OR, WHEN I HEAR ‘CHIN MUSIC’, I ‘DUCK SOUP’
Been walking around all morning with 10 baseball cards in the pocket of either my Patagonia green vest or my Polo maroon cotton pants, what I call “finery”; “Finery” is a fancy English major word for good clothes. If you know me you likely think of me in jeans or shorts; today I have the Polo pants, a cashmere cable knit blue sweater from Nordstrom, and a black James Perse t-shirt that nobody can see. My wife Terry actually picked out all of the above items. I am dressed up for Christmas, her holiday. I looked in my Webster’s 11th to learn that “finery” meaning fancy clothes sometimes to show off, since about 1869. On the way there, I noticed the term “fireballer” which as of about 1945 means a baseball pitcher who throws that ball at a high velocity. I wonder which strikeout pitcher from the 1940s was the first person to be described in that term. (Not to be confused with “fireman” as a relief pitcher — putting out a fire – confusingly mixed metaphor, becasue the fireman is not putting out a fire started by the fireballer. I think “fireman” as relief pitcher came later. Of course, now with corporate creep and advertisement the relief itcher is sometimes on Tums if not speed).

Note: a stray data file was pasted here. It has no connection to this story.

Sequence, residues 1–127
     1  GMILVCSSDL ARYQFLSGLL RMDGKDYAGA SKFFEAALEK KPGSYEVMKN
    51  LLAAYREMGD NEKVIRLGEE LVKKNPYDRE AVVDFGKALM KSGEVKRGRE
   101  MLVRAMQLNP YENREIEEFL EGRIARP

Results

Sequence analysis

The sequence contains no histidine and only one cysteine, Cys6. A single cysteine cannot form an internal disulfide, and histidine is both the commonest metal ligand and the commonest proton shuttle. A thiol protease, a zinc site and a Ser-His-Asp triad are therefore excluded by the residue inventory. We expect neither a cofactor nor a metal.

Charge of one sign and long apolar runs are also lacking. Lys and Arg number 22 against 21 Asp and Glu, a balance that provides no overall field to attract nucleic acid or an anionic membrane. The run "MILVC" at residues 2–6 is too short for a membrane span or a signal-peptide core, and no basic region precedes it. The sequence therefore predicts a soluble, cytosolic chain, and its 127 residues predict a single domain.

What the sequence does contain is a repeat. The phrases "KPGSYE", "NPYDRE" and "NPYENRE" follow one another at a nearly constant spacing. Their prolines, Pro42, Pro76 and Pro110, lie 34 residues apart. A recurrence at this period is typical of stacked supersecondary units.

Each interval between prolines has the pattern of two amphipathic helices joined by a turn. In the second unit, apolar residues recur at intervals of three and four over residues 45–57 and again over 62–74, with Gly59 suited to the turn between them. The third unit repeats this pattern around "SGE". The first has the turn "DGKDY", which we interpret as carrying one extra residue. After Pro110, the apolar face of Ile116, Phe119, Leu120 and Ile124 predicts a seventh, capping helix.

So the ten cards are:
- Butler of the San Francisco (Seals) 1914 Zeenut Pacific Coast league;
- Rollie Fingers, Oakland A’s, pitcher, Topps 1973 (with mustache);
- “Reggie Jackson In Action”, Oakland A’s, 1972 Topps (holding a bat, clean shaven, I think)
- Jim Hunter, Oakland A’s, 1973 Topps, pitcher (holding a ball, holding a mitt, mustache);
- Jim Hunter, Oakland A’s, 1972 pitcher, Topps, (no mustache, hands over head, mitt — I guess I should add here that “Butler…SF” is wearing a cap, swinging a bat, righty);
- Reggie Jackson, A’s, (sic) Topps, 1972, holding a bat, batting helmet, mustache;
- Rollie Fingers, 1971 Topps, Athletics, sic, no mustache, glove, pitcher;
- Reggie Jackson, 1970 Topps “The Sporting News American League All Star”, OF, holding a bat, cap not helmet, no mustache — the cap has an “A” for Athletics or A’s;
- Reggie Jackson, 1974 Topps, Oakland A’s, Outfield (mustache and beard);
- Reggie Jackson, 1975 SSPC sic, mustache no beard, glasses;
So, neither Jim Hunter nor Rollie Fingers were strictly speaking a fireballer; I remember also there was a “Get a Hit off Ken Holtzman” contest, but he was more tricky stuff and a good curve; there was also Vida Blue and Johnny Blue Moon Odom – which maybe fits back with my sartorial theme, since they are colored.